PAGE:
Though Lutz’s previous journeys inform this fiction, they don’t overwhelm it. The locales in Born Slippy, mundane and “exotic,” from the back roads of Connecticut to the alleyways of Golden Gai, are in each instance consummately described — yet the landscape is used to reflect character, not as spectacle in and of itself. As much as I admire Lutz’s chronicles and essays (on early 1900s neurasthenia; on those who dedicate their lives to doing nothing; a cultural history of crying), it feels as if the novel may be the form that allows him to deploy his wisdom most expansively. Born Slippy is rich in place, character, incident, but at the same time turns out to be the fullest expression of Lutz’s (canny; wry; informed) voice.
Without stepping on the delights of discovering the plot for yourself, I think I can safely tell you that Dmitry, improbably and irresistibly, becomes wealthy beyond dreams of avarice; that money of this kind is never made cleanly; and that chickens of any provenance will eventually come home to roost. Born Slippy traverses these turns so well that as we go from rural Connecticut to decidedly non-rural Asia, from wood-frame homes to manses with guard gates, from rustbucket motorhomes to private jets, we never feel a soul-delay any greater than that of the characters. Along the way we’re immersed in a world of (corrupt; corrupting) international finance, the dirty dance of assets across all-too-porous borders. Lutz’s lucid descriptions of the world of late capitalism — might we even say, after-hours capitalism? — energize the book’s pages. (Dmitry is a man who, tired of waiting in line for his morning coffee, buys the corner Starbucks.) The novel finds its fullest momentum as it plunges us into the transnational migration of large, ill-gotten gains, and the consequences of such for both an all-too-knowing Dmitry and an all-too-clueless Frank. Imagine, if you will, a version of the Panama Papers as redacted by Patricia Highsmith: the transit of money in one direction and guilt in the other.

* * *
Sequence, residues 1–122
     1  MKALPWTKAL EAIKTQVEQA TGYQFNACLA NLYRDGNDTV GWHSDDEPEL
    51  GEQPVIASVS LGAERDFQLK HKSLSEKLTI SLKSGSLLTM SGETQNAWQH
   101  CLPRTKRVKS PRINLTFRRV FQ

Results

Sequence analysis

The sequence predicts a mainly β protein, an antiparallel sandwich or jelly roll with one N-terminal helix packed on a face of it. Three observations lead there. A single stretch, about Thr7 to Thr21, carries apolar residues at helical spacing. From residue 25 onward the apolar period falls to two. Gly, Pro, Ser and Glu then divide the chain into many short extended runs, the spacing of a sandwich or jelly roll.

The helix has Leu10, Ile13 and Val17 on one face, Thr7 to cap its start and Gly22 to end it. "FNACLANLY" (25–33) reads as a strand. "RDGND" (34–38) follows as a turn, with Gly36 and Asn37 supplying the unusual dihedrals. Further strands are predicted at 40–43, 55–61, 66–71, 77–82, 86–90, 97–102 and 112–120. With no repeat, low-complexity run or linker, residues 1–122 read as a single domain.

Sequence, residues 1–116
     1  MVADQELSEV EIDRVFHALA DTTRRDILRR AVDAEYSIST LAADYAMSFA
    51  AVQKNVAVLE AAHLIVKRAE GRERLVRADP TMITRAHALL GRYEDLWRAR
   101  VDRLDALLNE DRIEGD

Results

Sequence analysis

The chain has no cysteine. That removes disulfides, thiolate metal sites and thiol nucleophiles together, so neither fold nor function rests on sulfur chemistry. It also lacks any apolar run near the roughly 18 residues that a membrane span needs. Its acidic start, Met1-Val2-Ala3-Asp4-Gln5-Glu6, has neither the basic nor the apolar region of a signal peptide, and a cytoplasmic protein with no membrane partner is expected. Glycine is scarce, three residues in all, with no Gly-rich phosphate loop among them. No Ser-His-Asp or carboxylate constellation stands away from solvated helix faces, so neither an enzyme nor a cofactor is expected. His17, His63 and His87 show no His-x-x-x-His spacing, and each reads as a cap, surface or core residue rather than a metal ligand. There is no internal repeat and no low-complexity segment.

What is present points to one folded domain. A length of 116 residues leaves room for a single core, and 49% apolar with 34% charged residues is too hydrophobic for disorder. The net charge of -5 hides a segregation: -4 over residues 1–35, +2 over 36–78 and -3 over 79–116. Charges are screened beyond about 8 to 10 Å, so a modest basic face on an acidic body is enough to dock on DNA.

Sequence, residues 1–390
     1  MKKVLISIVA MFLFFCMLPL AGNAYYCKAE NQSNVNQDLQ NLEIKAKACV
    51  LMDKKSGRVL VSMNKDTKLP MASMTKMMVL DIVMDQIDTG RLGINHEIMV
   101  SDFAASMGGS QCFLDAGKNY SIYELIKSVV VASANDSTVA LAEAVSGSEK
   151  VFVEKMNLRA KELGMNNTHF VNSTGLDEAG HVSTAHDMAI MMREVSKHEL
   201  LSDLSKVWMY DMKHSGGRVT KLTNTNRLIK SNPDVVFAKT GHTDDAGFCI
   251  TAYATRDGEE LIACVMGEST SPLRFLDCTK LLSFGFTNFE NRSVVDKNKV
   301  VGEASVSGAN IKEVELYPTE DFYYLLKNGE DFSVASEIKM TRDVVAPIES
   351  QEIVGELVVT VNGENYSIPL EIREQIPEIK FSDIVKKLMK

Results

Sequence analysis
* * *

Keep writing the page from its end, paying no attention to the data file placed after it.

While never abandoning the bildungsroman, the last third of Born Slippy — the name comes from a popular song by Underworld, and is herein repurposed as the password to an offshore bank account — pulls us fully into thriller territory. And while that takes the string of an occasionally shaggy-dog narrative and pulls it taut, it introduces other artifacts, the concomitant tropes of genre. As the book stretches toward its finale, we’re introduced to a box of incriminating papers locked in the attic, a pair of Mutt-and-Jeff cops, a drugged cocktail, and — all too canonically — a flawless Asian femme fatale. These may simply come with the territory, but they feel less finely limned than the people and places we met while the novel was building its head of steam.
Frank finds himself, or “finds himself,” in unknown lands, uncharted waters, pursuing the mysteries of Dmitry’s death in the bombing of Credit Lyonnais’s office building in Taipei. It is here that he finds within himself reserves of courage and sagacity that he’d never before tapped: or, perhaps, these qualities were created, existentially, at the instant of need. In a turn that (plot spoiler) will blindside no one who’s seen The Third Man or read The Long Goodbye, Dmitry reappears, just in time to hold up a mirror, in which Frank comes to see his own queasy complicity.
It’s not good to be too happy. It’s like having too much money. And if you have too much money it’s because you have taken it from someone else.
— B. Traven
We come to understand that while the Englishman Dmitry is the most fascinating character in Born Slippy, the novel ultimately belongs to the American friend. His journey has the longest span: from lost to found, from a man oblivious to the consequences of his actions to a man all too aware of them.
As it approaches its close, the novel tacks from James to Conrad, following Frank from foreign land to foreign sea. Perhaps the ocean will grant him his redemption; perhaps he’ll forever be adrift. Lutz shows him to us with both clarity and compassion, sparing no insight even as he withholds judgment. Ultimately, the triumph of the novel is the way that it makes us, too, complicit with its protagonists. And in learning to forgive them, we may even learn to forgive ourselves.
Howard A. Rodman is the author of The Great Eastern, a lavish 19th-century anticolonial adventure novel published in June 2019 from Melville House. He also wrote the films Joe Gould’s Secret, Savage Grace, and August, and the novel Destiny Express. Rodman is past president of the Writers Guild of America West, and a professor in the writing division of USC’s School of Cinematic Arts.